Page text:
|Whakamaru Power Station|
|Dam and spillways|
|Installed capacity||100 MW|
Lake Whakamaru is one of the larger hydro reservoirs on the Waikato river. The power station is owned and operated by Mercury Energy. The adjacent Whakamaru switching station is operated by Transpower and is one of eight reference nodes on the New Zealand national grid.
Development work started in 1949 with the construction on 10 kilometres (6.2 mi) of road from Mangakino which at the time was the operational centre of the Waikato hydroelectric scheme. Firstly a diversion channel 259 metres (850 ft) long, 31 metres (102 ft) deep and 7 metres (23 ft) wide was built taking 3 years to complete.
The foundation rock turned out to be deeply cracked and filled with clays rendering it partially porous. Shafts were sunk into the rock and this allowed the clay to be cleared and cement grout was later forced into the rock which was then back-filled with concrete.
Whakamaru is a major node in the North Island electricity grid. Electricity generated by Whakamaru, as well as the other five Waikato hydroelectric power stations, and from the geothermal power stations in the area converges at the Whakamaru substation on the western side of the dam. Power from Whakamaru is then transmitted via 220 kV lines to the Bay of Plenty, Hawke's Bay, Manawatu and Hamilton. The largest transmission route is to New Zealand's largest city, Auckland, approximately 200 kilometres (120 mi) to the north - three 220 kV circuits connect Whakamaru to Otahuhu in southern Auckland, with an additional circuit serving Otahuhu via Hamilton.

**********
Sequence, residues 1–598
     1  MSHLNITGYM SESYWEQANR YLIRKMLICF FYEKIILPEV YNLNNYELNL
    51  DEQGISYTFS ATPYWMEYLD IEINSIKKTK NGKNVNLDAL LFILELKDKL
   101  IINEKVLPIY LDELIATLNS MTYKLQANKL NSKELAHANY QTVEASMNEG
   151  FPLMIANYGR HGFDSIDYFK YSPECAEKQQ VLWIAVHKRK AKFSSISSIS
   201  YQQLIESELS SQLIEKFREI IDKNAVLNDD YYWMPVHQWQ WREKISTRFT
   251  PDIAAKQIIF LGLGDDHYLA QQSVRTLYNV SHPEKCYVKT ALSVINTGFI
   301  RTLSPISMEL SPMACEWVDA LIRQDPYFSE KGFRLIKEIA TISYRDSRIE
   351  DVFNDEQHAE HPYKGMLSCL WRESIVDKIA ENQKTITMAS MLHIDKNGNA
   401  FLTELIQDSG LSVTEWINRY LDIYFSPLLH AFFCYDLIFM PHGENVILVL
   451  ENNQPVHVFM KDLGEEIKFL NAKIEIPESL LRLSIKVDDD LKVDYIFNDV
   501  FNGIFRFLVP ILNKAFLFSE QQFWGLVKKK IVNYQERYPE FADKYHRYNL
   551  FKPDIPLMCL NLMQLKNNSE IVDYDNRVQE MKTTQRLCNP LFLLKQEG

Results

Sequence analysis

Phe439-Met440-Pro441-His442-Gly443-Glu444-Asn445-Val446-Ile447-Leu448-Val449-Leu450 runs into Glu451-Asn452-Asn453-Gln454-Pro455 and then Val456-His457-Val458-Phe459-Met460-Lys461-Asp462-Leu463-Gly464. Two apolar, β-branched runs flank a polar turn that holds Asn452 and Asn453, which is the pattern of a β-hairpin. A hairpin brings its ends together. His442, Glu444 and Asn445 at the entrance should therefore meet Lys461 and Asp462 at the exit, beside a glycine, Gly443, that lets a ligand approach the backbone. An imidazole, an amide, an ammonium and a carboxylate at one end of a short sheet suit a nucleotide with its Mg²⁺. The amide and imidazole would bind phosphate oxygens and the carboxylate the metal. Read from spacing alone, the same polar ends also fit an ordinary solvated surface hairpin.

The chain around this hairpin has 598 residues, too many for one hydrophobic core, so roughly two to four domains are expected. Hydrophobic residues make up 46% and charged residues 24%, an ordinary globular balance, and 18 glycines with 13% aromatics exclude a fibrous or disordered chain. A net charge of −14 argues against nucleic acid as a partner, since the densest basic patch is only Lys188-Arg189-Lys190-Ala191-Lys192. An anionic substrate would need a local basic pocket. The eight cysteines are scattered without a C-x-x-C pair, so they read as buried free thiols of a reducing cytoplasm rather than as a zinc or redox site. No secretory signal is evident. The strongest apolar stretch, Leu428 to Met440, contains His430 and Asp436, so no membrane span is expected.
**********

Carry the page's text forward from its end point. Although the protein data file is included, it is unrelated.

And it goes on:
The main control centre for the electricity generation and transmission system for the entire North Island was established at Whakamaru in 1964. The facility continued to operate as the North Island System Control Centre until a replacement facility was established at Hamilton in 1992.
A major new transmission line has been constructed from Whakamaru to Brownhill Road, the Whakamaru to Brownhill Road transmission line. close to the south Auckland urban boundary. This new line re-inforces supply to Auckland and allows for the large amount of new geothermal generation that is expected in the Taupo region over the next 5–7 years. A separate switching station, designated Whakamaru North, has been built approximately 800 metres (2,600 ft) from the current substation as the terminal station for the new line, with short tie-lines connecting to the existing substation.
In 2013 a refurbishment project was begun to refurbish the turbines and generators. The first equipment arrived at site in 2016 and was installed and commissioned on the first unit in 2017. The generator replacement parts were supplied by GE Renewables. The new turbine components were supplied by Andritz Hydro.
- Martin, John E, ed. (1991). People, Power and Power Stations: Electric Power Generation in New Zealand 1880 - 1990. Wellington: Bridget Williams Books Ltd and Electricity Corporation of New Zealand. ISBN 0-908912-16-1.
- Reilly, Helen (2008). Connecting the Country: New Zealand’s National Grid 1886 - 2007. Wellington: Steele Roberts. ISBN 978-1-877448-40-9.
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